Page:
Why this stands out so much is before grandpa, and the our main kids characters arrive at the high school their grandparents met each other. We’re shown the drive to that destination, and there’s hardly any people walking on the streets. Sure it’s winter, but another trick to good horror movies is removing the suspicion of there being any scares in a scene which can’t be done when the one time we’re shown the outside of this house is an empty neighborhood. Becca encourages her grandpa, and brother to play a game where they make up a story for a person in a building. I spotted the house where M. Night Shyamalan good ideas never existed.

Another aspect about this scene that also gave away the twist was the grandpa feeling like he was being followed. Now, we’re told these old people are counselor so when the grandfather acts funny by believing someone is following him it doesn’t add up. I mean, it’s part of his job to talk to people so this scene was also reaffirming my prediction on the twist, as well as breaking what’s established. If the grandpa simply stated one of his patients has it out of him problem solved, and nothing seems out of character. Except grandpa, and grandma never talk about their jobs, nor mention the people they help in detail.

The last secondary character that is worth mentioning is a young woman who brings food to the house. Seeing the lack of attention for establishing any form of normality this character also goes nowhere. If the lack of secondary characters didn’t giveaway there’s something clearly wrong with the situation then the interaction will. Shyamalan problem was immediately making the grandparents awkward for the kids to talk too. He does not show a gradual change from a welcome home environment with the grandparents to unsettling visit. This decision cost Shyamalan to write himself into a corner. Without establishing a sense of normality, or a nice family moment viewers will expect something bad to happen at the end. Also, there’s not a single shot of Becca, Tyler, and the grandparents all together in the same frame. Hmm, nothing suspicion is there. You think Becca, an aspiring filmmaker would at least want one shot of the entire family together for documentary, except the thought never pops in her mind. Hm, completely makes sense to me. Unfortunately, something bad did end up happening in the last act.

Izanagi: “No! Why?!”

Cesar: “I was right! I told you M. Night Shyamalan is a terrible writer!”

Izanagi: “I don’t know who I hate more right now. You for acting obnoxious for being correct, or the fact M. Night is still writing twists into his movies!”

Now the twist wasn’t hard to see to coming. Before the twist is revealed there is not a single scene in the film with the entire cast all together. The two kids, are never shown sharing a scene with both grandparents together besides when they meet for the first time. They either hang out with the grandpa, or the grandma. On top of that, every scene where the kids interact with the grandparents is written awkwardly. One way to counteract this would have been writing a single scene of the entire family having fun together. Except that never happens. Something has to go aray whenever the kids are with their grandparents. Then there’s the plain problem that the kids are mostly together implying they hardly hang out with the grandparents. Also, let’s not forget the counseling job is mentioned once in the beginning, and is briefly brought up again in the middle of the film. So connecting the dots wasn’t a difficult task for me. It wasn’t being used in the film to drive the plot so I made a note of it. The broken premise, combine with awkward interaction between kids and grandparents, the lack of secondary characters written in the film, the lack of the grandparents talking about their jobs or seen doing it, no nights at the grandparents house without some odd occurrence, and that it is written by M. Night Shyamalan made me confidence about my prediction. Also, the fact I dread being correct goes to show I take no pleasure in being correct about a bad piece of writing, and the whole film in general.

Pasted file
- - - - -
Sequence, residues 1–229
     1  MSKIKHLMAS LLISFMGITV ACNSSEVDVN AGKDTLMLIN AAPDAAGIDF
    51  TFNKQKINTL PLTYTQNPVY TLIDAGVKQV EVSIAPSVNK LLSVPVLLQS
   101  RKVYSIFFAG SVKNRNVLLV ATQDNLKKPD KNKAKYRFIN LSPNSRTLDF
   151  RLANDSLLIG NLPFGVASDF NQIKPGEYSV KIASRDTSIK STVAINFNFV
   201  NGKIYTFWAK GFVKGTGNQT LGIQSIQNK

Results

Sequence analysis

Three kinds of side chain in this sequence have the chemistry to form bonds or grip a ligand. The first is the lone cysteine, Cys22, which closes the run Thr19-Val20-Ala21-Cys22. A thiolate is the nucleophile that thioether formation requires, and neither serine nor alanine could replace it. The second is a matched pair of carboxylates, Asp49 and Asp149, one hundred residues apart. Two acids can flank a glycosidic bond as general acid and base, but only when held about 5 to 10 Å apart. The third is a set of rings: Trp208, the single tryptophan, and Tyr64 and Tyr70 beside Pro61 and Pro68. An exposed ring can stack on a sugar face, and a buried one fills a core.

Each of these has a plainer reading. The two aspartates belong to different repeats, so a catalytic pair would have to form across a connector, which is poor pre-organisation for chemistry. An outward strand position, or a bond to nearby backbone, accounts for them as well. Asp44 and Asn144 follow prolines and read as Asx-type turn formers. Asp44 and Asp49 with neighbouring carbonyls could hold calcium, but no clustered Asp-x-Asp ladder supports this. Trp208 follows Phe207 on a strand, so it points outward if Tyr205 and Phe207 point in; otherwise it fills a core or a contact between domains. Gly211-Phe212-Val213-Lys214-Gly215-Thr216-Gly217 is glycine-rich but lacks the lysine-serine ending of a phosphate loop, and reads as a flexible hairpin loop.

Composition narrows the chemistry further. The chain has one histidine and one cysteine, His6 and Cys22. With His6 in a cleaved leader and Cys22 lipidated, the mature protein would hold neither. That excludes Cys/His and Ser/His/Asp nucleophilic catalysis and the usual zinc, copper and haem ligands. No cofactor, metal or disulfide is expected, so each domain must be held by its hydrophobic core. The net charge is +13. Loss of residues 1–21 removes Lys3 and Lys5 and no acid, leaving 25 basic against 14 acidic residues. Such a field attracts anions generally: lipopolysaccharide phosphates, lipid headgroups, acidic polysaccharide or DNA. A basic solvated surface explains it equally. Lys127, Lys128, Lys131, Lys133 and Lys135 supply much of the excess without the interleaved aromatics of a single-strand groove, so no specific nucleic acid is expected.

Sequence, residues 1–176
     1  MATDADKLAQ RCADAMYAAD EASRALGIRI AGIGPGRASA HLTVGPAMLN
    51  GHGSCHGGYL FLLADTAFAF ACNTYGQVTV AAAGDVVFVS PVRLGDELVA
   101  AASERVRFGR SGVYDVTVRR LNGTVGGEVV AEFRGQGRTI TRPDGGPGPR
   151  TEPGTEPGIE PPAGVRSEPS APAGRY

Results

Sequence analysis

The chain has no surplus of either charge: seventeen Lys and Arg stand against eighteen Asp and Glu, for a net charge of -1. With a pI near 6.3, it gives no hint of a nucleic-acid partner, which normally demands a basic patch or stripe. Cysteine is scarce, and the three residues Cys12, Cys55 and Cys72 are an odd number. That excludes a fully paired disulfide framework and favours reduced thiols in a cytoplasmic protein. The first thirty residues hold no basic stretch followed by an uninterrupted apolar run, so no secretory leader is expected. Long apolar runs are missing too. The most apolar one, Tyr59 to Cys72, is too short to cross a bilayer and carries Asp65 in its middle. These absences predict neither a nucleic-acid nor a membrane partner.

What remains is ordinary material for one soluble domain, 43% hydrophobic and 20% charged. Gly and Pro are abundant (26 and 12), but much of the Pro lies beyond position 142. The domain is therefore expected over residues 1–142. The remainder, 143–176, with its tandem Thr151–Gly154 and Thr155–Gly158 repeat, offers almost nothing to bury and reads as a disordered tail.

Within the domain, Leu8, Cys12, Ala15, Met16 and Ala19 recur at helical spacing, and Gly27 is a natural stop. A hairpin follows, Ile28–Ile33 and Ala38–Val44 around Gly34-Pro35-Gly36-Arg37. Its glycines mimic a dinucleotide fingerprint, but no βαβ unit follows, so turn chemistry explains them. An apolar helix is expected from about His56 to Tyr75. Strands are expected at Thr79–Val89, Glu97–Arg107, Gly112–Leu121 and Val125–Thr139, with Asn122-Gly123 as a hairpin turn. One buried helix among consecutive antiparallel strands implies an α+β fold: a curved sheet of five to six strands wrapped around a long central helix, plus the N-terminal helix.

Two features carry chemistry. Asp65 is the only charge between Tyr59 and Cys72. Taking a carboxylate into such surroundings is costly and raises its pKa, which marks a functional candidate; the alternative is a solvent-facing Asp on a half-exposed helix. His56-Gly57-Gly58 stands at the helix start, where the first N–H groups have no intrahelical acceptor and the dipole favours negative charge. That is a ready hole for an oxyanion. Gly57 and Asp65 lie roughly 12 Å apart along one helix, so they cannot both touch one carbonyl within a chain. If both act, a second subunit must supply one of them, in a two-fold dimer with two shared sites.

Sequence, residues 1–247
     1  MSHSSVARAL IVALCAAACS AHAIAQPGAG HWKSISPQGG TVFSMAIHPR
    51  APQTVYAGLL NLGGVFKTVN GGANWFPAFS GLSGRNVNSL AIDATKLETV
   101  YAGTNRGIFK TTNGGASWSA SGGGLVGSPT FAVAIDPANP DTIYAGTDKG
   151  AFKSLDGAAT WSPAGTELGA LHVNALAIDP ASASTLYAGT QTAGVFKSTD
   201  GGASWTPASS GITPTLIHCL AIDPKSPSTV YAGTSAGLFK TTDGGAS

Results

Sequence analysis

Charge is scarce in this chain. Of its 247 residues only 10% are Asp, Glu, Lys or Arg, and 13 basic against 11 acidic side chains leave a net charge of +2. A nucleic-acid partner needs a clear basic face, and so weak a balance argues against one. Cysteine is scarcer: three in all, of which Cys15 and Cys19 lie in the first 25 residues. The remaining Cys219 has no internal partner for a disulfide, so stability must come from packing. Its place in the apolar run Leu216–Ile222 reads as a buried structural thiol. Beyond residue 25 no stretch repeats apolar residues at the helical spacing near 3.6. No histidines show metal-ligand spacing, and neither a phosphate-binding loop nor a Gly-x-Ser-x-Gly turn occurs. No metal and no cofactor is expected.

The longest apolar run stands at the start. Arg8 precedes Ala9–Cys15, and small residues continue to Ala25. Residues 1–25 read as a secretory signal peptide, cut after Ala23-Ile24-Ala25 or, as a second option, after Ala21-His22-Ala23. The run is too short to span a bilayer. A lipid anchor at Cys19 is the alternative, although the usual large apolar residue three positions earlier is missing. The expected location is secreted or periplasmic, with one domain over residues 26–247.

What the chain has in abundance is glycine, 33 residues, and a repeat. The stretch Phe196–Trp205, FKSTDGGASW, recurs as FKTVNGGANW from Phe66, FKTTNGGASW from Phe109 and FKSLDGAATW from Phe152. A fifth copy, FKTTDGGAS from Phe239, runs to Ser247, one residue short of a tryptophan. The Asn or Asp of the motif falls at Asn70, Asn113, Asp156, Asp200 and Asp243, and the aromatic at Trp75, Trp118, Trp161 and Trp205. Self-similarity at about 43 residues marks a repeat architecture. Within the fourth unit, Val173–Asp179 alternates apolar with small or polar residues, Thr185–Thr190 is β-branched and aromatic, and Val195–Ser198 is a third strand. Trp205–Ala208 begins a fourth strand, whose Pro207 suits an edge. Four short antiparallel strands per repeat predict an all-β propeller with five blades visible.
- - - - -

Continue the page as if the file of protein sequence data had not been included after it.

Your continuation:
There’s still other elements to write about though. Those the are the characters which don’t have depths to them. Becca is an aspiring filmmaker, but talks about film in a snobish way. There is no enthusiasm towards her approach in filming. There’s also a subplot brought out of nowhere of how she doesn’t like looking at herself, even though there was a moment fifteen minutes into the film of Becca looking into a mirror when talking to Tyler. This would be better foreshadow if she turned around in that scene, and talked to Tyler. Also, she’s an aspiring filmmaker, and does not like looking at herself? There’s also this plot point of the kids father leaving them at a young age which also get brought out of nowhere at times. This eventually connects with why Becca is filming the documentary…but it’s very silly. A simple phone call would fix everything if all the mother was looking for was forgiveness. Then the plot twist opens up more plot holes, and brings up the serious lack of police world in this small town.